• local organisations and communities
• influential people and recognition (make those who have helped you known on your project)
• visual appeal
• the personal and real
• unique offerings in return
• video

Stuart Bowen, behind the short, stop motion animation project Woody, raised over $12K (from an $11K goal) in first batch on Pozible and almost $6K (from a $5,500 goal) in a followup call for finishing funds. His video is testament to how a well-produced video can work well within a great pitch. At the same time, he went for (and got) Emerging Filmmaker funding from Screen NSW.

His advice is to budget properly first and ask for it all in one hit, with even a little slush factored in.

Given his aim is for a large festival release for Woody after completion, he offers a “Supporter and Crew Screening” online with an HD download after the festival shelf-life.

Whilst the size of Pozible’s project base is smaller than Kickstarter’s – currently numbering 230 projects versus 2,500 – and even IndieGogo, the benefits of Pozible were described as:
• hands-on support and advice
• smaller cut taken by the platform (5-7.5%)
• contributions made in AUD
• building awareness amongst your Australian home base, much like the release of a film on home soil first.

Stay tuned for Scratch, our own Pozible pitch in coming days!

Still from Woody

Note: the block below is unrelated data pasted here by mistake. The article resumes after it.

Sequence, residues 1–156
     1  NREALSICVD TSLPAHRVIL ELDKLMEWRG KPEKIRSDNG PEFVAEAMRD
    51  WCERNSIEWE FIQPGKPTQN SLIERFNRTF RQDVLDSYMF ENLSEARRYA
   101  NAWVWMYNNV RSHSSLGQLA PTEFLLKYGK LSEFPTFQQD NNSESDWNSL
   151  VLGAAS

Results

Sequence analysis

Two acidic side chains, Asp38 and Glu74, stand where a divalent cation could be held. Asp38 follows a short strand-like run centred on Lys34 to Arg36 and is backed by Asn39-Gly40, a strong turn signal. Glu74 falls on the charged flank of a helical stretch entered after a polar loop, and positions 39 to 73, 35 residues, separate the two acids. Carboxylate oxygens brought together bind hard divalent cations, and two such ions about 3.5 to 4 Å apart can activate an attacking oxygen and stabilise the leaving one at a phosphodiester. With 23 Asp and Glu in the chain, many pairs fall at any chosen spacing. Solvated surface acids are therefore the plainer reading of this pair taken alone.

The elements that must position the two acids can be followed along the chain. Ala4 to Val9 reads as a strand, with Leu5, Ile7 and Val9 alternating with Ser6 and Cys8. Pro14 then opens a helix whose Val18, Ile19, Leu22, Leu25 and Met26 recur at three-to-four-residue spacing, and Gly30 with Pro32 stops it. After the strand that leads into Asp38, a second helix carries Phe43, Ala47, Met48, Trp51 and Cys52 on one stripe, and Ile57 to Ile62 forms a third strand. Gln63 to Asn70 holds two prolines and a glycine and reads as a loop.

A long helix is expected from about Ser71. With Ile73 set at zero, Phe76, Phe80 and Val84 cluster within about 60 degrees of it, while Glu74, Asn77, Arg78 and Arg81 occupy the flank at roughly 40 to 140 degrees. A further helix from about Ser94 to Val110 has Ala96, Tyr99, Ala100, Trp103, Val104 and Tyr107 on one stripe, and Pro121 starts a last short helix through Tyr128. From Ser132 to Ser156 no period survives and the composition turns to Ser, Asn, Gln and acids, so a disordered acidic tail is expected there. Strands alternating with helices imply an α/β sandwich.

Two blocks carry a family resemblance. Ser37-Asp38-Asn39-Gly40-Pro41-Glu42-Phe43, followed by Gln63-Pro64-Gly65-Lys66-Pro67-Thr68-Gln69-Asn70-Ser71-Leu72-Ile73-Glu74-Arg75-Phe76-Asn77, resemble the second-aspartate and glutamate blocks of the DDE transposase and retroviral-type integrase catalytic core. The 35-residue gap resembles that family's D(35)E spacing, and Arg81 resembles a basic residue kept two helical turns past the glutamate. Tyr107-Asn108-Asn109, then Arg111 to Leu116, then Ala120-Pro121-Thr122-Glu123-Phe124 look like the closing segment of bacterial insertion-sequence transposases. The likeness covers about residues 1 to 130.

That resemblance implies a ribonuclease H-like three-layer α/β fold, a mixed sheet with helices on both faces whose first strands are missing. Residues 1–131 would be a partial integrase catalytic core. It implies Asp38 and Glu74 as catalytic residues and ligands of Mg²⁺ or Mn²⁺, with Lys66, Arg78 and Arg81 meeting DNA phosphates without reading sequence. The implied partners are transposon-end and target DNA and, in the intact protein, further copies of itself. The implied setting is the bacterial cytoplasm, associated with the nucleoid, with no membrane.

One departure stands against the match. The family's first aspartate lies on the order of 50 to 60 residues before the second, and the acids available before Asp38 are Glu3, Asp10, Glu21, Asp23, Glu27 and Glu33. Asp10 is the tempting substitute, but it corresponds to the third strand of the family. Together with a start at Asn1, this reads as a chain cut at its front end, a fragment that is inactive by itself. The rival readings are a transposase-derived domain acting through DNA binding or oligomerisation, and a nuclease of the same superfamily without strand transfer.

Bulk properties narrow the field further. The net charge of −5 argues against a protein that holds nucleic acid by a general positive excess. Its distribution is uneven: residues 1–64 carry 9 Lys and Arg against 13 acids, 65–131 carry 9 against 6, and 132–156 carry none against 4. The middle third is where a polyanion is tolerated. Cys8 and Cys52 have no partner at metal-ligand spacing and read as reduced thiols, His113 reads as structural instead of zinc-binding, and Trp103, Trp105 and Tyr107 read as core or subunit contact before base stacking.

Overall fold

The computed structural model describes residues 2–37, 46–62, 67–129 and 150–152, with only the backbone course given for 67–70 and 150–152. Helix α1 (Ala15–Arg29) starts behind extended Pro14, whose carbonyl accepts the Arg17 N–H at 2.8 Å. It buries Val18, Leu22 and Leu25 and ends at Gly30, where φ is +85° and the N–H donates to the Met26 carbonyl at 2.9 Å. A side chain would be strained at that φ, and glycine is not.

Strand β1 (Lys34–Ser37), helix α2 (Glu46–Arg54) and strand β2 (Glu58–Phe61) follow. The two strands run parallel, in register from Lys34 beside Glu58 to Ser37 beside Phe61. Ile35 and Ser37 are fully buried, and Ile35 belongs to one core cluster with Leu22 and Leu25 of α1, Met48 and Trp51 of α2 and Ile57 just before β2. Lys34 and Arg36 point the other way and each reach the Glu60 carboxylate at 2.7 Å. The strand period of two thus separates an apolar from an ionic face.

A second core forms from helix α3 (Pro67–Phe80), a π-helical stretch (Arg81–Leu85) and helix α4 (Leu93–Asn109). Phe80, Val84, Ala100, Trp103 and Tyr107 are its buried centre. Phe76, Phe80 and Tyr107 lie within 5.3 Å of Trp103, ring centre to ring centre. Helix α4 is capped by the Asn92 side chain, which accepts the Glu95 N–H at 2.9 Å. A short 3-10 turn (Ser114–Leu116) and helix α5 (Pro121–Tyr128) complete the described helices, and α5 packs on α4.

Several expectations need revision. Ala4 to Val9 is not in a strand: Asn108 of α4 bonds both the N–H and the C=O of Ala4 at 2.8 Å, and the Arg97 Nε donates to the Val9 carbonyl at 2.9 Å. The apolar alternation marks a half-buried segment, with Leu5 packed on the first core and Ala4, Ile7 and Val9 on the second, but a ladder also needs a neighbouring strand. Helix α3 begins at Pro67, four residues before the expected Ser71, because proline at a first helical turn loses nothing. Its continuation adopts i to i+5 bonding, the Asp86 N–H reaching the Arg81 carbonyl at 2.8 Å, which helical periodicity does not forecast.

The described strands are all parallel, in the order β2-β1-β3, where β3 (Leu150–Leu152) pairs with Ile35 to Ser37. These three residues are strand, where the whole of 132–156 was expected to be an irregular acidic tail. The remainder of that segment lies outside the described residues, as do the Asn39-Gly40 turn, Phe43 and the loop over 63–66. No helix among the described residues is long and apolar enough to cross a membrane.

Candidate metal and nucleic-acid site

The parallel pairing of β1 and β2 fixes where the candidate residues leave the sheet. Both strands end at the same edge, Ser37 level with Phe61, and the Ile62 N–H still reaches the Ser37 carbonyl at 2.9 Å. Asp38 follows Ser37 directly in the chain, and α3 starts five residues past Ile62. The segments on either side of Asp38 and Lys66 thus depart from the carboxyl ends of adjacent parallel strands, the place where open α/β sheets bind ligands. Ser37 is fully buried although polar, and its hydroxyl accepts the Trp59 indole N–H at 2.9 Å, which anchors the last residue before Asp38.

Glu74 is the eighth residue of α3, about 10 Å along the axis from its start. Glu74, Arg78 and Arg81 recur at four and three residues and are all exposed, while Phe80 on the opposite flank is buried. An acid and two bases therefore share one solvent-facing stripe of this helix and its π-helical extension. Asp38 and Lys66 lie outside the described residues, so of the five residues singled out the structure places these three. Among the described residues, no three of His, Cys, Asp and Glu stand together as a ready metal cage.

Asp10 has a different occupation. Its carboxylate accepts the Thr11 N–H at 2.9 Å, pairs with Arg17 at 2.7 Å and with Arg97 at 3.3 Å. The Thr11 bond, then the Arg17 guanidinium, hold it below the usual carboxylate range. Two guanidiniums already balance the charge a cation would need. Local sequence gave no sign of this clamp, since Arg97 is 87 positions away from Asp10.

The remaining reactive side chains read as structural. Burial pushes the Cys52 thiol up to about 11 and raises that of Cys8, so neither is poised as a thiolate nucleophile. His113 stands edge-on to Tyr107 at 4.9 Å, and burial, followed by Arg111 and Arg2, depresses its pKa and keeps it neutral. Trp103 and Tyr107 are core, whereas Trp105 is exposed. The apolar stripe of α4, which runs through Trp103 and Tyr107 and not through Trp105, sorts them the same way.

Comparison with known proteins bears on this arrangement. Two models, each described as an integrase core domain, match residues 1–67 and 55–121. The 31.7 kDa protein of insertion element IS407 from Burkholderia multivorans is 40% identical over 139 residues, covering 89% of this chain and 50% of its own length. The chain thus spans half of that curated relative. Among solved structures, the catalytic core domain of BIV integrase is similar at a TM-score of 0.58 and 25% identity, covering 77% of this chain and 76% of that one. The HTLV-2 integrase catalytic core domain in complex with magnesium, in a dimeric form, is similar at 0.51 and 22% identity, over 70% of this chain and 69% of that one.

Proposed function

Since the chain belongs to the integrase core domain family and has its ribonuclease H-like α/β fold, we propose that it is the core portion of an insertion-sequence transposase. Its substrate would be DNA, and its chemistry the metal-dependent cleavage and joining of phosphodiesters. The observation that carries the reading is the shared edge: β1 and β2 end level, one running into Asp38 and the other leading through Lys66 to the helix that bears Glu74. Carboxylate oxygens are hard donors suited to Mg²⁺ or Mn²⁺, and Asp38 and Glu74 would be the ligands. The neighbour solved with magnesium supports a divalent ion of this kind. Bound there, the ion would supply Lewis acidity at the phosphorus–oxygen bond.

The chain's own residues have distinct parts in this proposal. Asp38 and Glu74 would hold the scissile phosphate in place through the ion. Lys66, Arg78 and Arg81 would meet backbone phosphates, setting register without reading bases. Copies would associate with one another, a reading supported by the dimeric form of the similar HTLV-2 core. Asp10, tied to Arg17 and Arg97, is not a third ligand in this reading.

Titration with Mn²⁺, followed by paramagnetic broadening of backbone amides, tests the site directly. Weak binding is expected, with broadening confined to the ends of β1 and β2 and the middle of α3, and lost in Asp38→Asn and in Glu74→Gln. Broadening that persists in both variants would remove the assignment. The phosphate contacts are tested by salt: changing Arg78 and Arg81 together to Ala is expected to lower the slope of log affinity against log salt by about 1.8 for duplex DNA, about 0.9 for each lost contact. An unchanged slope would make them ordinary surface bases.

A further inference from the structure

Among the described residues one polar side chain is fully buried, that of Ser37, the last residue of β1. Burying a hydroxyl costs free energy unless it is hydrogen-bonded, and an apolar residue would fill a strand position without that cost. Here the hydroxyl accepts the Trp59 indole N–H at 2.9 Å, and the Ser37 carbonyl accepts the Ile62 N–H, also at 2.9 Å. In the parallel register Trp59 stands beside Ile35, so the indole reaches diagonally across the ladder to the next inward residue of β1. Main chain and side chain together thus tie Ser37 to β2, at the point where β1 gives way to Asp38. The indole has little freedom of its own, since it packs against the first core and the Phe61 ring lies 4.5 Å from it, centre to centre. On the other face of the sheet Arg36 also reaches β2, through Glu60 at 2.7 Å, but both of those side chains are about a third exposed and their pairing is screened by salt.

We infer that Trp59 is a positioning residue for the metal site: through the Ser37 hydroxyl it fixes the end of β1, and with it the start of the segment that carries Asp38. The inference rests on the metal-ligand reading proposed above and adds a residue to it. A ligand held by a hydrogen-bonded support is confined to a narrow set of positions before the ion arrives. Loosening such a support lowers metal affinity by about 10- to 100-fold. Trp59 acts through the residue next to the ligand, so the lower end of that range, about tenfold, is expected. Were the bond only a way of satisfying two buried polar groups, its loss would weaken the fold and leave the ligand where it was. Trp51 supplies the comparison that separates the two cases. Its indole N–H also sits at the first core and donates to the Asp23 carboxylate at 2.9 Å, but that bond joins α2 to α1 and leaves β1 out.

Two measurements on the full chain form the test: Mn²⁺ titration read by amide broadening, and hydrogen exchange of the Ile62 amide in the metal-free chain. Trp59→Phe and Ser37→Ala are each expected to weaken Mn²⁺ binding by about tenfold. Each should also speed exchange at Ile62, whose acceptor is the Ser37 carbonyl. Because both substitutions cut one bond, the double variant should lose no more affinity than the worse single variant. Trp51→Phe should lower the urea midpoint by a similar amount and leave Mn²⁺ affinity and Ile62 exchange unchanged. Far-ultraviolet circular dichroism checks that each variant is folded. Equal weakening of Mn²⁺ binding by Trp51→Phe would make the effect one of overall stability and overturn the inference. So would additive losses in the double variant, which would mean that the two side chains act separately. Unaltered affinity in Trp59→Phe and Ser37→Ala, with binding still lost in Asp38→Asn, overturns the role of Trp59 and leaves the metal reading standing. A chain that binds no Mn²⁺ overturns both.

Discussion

Still from Woody

Still from Woody; and Pozible co-founder Alan Crabbe with Creative Sydney founders Marie and Flyn

Pozible co-founder Alan Crabbe with Creative Sydney founders Marie and Flyn

Photos by Liz Laughton @pixelchickenAus

Schmidt clip (2011)

Posted in my films on October 28th, 2011 by Rachael – Be the first to comment

Twin Sin Cities

Music clip for Berlin artist Schmidt
Directed by Rachael Turk
Writers: Rachael Turk, Ruby Boukabou
Producers: Rachael Turk, Ruby Boukabou
Music © Warners

[created for Interfilm and]

What happens when you dive into the sea at Bondi Beach and wake up in a bathtub in Paris? An international striptease of sorts, this clip reflects a generation for whom nationality is fluid.

See the clip here.

Lumina wins Silver!

Posted in Uncategorized on June 2nd, 2011 by Rachael – Be the first to comment

AFTRS Arts journal Lumina has shone at the global 2011 Independent Publisher Book Awards in New York.

Lumina tied for silver in the Best Non-Fiction category for Australia & New Zealand.

Lumina is published by the Australian Journal of Screen Arts and Business, and was edited by David Court, Sandra Levy, Karen Pearlman and yours truly.